Who left the toilet seat up?
Random roommates are part of nearly every college experience, often resulting
in lifelong friendships or the proverbial kick to the nuts. During my freshmen
year, I lived in a triple room with two guys who were as far apart on the spectrum
as can possibly be. Let me tell you about their TV habits…
The first roommate not only loved watching his mid-day soaps,
but also reveled in loudly talking back to the characters and openly dreaming
about how wonderful it must be to live in “Soap Opera World.” The second roommate
loved the movie Scarface,
especially the part where Al Pacino says, “Say hallo
to my leetle friend,” and then shoots people dead. My roomie loved that
part so much, he’d watch it over and over again at 3 AM, before bedtime.
it to say, these roommates drove me absolutely nuts, and I came to the conclusion
that I should try to pit them against each other. It would be like a game” only
with real people. It was just a fantasy, though; I never did orchestrate my
master plan of Roommate Deathmatch, but squaring off against the roomies within
the new single player mode of The Sims on PS2 rekindles all those bitter
memories of aggravation. Except this time around, it’s fun!
The Sims, the digital people simulator already 3 years strong on the
PC, has been translated to the PS2. With
a new goal driven single player game, several two-player options, and a well-mapped
control system, it’s more than just a port. Hours can whiz by just coaxing your
little Sims along, pushing them to succeed, gain friends, and fight the ever-present
menace of BO. The Sims is still the same empathically clever game that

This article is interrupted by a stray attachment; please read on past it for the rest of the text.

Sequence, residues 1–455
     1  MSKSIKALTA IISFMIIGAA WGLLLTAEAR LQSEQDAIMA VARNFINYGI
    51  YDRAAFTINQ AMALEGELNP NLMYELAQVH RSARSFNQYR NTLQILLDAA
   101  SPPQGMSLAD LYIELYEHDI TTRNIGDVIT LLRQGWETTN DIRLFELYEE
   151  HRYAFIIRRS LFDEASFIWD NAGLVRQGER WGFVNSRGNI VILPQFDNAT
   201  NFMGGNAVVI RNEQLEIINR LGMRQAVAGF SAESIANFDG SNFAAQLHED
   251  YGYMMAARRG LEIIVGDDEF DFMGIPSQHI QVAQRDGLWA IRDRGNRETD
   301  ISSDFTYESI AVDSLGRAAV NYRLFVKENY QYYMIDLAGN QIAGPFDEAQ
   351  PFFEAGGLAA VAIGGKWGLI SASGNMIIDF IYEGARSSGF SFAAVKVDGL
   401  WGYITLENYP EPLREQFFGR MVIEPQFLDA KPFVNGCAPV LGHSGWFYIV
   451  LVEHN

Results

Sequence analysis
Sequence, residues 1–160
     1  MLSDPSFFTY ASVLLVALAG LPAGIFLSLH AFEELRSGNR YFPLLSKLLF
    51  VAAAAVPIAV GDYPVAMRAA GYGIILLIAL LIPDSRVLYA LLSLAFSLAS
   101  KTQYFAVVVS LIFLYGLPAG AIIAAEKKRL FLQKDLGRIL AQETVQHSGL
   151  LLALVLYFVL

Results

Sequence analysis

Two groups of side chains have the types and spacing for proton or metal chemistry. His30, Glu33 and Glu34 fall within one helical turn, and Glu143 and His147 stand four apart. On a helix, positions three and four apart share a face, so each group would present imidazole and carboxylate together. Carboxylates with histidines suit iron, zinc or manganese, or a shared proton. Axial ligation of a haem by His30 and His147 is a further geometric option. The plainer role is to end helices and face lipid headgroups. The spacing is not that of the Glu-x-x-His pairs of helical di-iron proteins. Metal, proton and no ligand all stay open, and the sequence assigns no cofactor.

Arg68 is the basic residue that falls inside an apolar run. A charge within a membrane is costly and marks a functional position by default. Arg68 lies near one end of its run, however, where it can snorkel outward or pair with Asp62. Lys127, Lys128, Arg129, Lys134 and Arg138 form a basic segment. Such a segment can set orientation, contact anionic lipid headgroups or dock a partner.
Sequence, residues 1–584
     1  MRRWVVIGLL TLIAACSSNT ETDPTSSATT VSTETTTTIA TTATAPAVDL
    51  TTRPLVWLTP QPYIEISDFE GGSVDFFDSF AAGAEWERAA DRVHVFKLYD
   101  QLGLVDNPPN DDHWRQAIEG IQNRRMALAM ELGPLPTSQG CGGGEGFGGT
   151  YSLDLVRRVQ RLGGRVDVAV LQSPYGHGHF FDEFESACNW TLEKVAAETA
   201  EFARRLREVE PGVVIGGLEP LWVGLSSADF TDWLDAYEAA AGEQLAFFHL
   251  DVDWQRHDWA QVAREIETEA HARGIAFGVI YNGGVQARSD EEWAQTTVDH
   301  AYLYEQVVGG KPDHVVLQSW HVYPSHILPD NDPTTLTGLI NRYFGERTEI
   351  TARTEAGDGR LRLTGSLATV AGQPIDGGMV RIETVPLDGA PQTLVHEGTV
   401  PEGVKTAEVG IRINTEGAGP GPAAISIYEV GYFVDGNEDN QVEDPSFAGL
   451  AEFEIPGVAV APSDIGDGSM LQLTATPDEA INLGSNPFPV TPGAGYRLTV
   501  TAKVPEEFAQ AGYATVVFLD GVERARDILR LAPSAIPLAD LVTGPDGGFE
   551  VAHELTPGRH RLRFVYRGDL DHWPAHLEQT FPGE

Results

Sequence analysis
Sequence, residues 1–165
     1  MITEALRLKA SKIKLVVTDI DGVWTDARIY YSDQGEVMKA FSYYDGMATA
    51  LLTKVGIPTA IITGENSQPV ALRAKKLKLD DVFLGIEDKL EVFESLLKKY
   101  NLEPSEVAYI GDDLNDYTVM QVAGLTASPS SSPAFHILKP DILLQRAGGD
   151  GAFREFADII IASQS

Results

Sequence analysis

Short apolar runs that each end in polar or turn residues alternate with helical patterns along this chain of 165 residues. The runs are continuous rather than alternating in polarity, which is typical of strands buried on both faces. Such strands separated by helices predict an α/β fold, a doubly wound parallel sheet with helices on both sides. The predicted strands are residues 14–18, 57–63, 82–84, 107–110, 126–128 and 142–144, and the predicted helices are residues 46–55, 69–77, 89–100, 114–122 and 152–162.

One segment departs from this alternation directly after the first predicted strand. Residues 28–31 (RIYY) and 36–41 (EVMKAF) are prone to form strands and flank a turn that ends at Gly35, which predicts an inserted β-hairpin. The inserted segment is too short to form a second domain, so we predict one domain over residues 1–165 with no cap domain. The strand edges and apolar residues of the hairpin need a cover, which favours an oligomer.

it ever was, yet it retains many of the same little problems, such as the micromanagement
annoyances and the lack of aging characters.
Speaking of which, The Sims has aged in the looks department. While
simple, but effective visuals have always been utilized, I wanted to see more
improvements made after 3 years time. For example, there are abrupt changes
between daytime and nighttime, pausing out to a black screen momentarily. A
smoother and more gradual transition over the course of the day would have been
less jarring and well… better. The camera is now fully rotatable, but still
only offers the above-at-an-angle view to look around your environments. I would
have appreciated a closer level of zoom to really bring me into the action.
On the whole, however, the look and feel of the game remains the same, with
a bright and colorful cheery look, but with some occasional slowdown.
No major changes have been made to the audio either. The Sims still speak a
language all their own, a gobbledy-gook of human sounds to express their emotions,
and different musical genres are selectable via your Sim’s stereo. What has
changed are the controls ” each menu and option has been mapped across the different
buttons. In order to speed up the gameplay, you have to hold the right top button,
like a shift key. I think it would have been more effective and less tiresome
if it worked like a Caps lock: on or off. You control a column of light that
highlights the different interactive objects. If the selected object is ambiguous,
a list of the possible nearby objects you might have selected will appear. You
simply scroll down and select the one you meant to pick out. While these controls
work, I was hoping for the option of more character-centric controls, for a